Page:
chilli or basil infused olive oil
Cut all the pepper, onions and cheese into pieces and arrange on the sticks/skewers, alternating between pepper, onion and cheese (aim for about three cubes of cheese per kebab). Drizzle with the olive oil and grill until the cheese is starting to brown (halloumi is 'grill-able', it won't melt and make a cheesy mess all over your barbecue).
Again, kind of inspired by a creation of my vegetarian friend. Can be adapted according to taste/availability of ingredients/time and effort you're prepared to put in!
Makes a large bowl of salad, enough to feed at least six.
Go to the supermarket and buy:
bag of mixed salad leaves
bag of watercress
2 gem lettuces or a large cos lettuce
half a cucumber
baby spring onions (or normal ones, trimmed and sliced length-ways)
small jar of green olives (look for ones that aren't preserved in vinegar/citric acid - the Co-op own brand ones are okay)
packet of feta cheese (Marks & Spencers sell an 'all sheep' feta)
For the dressing:
garlic-infused olive oil
cider vinegar (or freshly squeezed lemon juice, if you're avoiding vinegar)
mixed herbs (fresh or dried)
salt and pepper
Take half a bag of mixed salad leaves and mix in a bowl with a good handful of watercress. Roughly chop the gem/cos lettuce(s) and add to the bowl, along with the cucumber (halved and sliced), the spring onions, the olives (drained) and the feta cheese (chopped into cubes).
Mix about three glugs of olive oil in a mug or jar with a capful of cider vinegar (or a good squeeze of lemon). Whisk until combined and add herbs, salt and pepper to taste.
Just before serving, pour dressing on salad and toss.
Non-mayonnaise potato salad
V simple and probably nicer than potato salad made with mayonnaise.
As many new potatoes as you think you'll need
handful of baby spring onions
salt and pepper
Boil the potatoes until al dente. Drain, halve (large ones) and allow to cool. Chop spring onions and add to potatoes. Stir in a couple of spoonfuls of yoghurt (enough to generously coat the potatoes without 'drowning' them). Add salt and pepper to taste.
Red pepper salsa
More like a chunky salad than one of those jars of dips you get to eat with tortilla chips. This recipe owes a lot of Delia.
To make enough for six (couple of good spoonfuls each):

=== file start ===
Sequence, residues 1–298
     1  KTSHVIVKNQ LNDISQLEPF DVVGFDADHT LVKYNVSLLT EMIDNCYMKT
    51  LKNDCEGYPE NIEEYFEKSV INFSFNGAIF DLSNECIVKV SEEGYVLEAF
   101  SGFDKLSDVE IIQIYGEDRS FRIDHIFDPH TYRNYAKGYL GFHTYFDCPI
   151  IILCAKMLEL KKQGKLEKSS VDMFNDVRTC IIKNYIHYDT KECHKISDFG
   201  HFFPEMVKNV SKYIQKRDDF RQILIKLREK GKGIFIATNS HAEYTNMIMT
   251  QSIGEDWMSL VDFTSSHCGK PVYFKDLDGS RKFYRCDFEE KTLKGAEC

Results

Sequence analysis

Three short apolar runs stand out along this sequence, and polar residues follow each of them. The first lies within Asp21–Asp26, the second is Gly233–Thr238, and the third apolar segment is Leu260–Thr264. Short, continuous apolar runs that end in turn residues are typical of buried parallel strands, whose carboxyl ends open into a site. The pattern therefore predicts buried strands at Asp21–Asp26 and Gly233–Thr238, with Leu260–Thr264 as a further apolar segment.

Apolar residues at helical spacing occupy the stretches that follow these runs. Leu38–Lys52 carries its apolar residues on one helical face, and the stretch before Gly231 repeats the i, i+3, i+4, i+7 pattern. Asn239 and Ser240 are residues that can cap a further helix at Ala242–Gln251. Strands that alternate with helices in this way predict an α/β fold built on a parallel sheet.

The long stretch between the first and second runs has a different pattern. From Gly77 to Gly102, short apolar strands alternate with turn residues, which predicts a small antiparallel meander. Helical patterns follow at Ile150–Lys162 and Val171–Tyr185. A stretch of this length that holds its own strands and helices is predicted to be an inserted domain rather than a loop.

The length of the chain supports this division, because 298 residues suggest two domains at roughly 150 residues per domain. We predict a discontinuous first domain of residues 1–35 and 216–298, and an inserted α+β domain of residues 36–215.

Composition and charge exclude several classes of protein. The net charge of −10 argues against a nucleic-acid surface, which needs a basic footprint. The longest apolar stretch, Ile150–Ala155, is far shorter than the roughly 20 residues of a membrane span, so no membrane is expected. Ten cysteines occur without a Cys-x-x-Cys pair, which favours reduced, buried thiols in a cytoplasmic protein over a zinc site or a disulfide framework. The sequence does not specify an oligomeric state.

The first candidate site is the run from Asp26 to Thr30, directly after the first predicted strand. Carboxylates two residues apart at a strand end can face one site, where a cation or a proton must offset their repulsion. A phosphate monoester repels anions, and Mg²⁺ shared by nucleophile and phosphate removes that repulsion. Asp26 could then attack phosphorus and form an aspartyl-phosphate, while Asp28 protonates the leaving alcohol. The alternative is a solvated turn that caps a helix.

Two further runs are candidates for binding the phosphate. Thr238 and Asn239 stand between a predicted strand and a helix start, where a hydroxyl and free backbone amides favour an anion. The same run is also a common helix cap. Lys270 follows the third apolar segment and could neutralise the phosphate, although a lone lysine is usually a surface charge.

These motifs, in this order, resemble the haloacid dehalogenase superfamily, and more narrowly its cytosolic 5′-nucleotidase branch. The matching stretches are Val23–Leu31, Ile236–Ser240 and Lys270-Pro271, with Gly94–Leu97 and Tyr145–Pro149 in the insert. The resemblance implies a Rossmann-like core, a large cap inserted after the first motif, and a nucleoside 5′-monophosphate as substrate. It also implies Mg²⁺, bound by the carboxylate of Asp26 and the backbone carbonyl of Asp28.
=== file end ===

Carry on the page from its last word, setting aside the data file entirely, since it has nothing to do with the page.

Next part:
one large red pepper
three-four large tomatoes
small red chilli
salt and pepper
Blanch the tomatoes to remove the skins. When cool, remove the seeds and chop into small chunks. Mix in a bowl with the red pepper and onion (cut into equal sized chunks). Slice (as much as you can bear of) the chilli, chop a sprig of mint leaves and stir both into the tomato/pepper/onion mix. Add a splash of olive oil, a squeeze of lemon juice and mix together. Add salt and pepper to taste.
Options for meat-eaters
- Use of sprinkle of Schwartz' 'Season-All' and a splash of olive oil to enliven grilled chicken.
- Cook salmon pieces (seasoned with freshly ground pepper) en papilotte - shielded from the BBQ flames in an aluminum foil parcel.
- Make a marinade for king prawns by mincing or grating a clove of garlic and a piece of ginger and mixing with a splash of chilli-infused olive oil.
'Vegetarian' burgers and sausages: A word of caution
Many pre-prepared/processed vegetarian burgers and sausages, be they made from soya or Quorn, are unlikely to be suitable for people following the anti-candida diet. Apart from added sugar (could be masquerading as 'dextrose') and yeast extract, they're crammed full of additives and preservatives. Quorn is also a fungus-based product, and so should be avoided if you've been advised to steer well clear of mushrooms.
The next instalment will be about breakfasts. 'Til then...
Saturday, July 29, 2006
My own symptoms have responded well to the anti-candida diet and I am now in the process of reintroducing some foods into my diet, but for those just starting out (or what to find out more), here's the basics (N.B. 'bad' and 'good' foods may vary depending on who you talk to):
- all refined sugars;
- dairy products (except yoghurt, 'young' cheeses, like cottage cheese - sheep and goats' milk/cheese has lower levels of lactose than cows' milk/cheese, so - if you can tolerate it - you may be able to use it as a substitute);
- yeast and yeast products (i.e. marmite);
- fermented products, e.g. vinegar ('though I can tolerate a small amount of cider vinegar), soy sauce and miso paste ('though these are now back in my diet);
- and avoid caffeine (I drink green and herbal/fruit teas) and red meat (I'm virtually meat-free these days).
Eat plenty of:
- fresh vegetables and some fruits (most practitioners will suggest you eliminate all fruit except apples (maybe pears) at the start of your diet);
- ginger and garlic (both have anti-fungal properties);
- yoghurt; and
- wholewheat grains.
This all sounds very scary at first, but there are plenty of really tasty things you can eat, which will be the subject of my next posting.
There are loads of recipes online and cookery books available specifically designed for those on the anti-candida diet, but they are very US-oriented, and quite frankly, many of the recipes resemble and taste little better than cardboard (hence the title of this blog!).
My mission is, therefore, to share my experiences, recipes and tips, so that others just starting a strict elimination diet, or maintaining their symptoms through diet, can save time and continue to enjoy food.
In the coming weeks I will introduce some of the easy and quick recipes I've devised, give links to useful websites, publish cookery book reviews and give tips about which supermarkets stock the best anti-candida friendly products.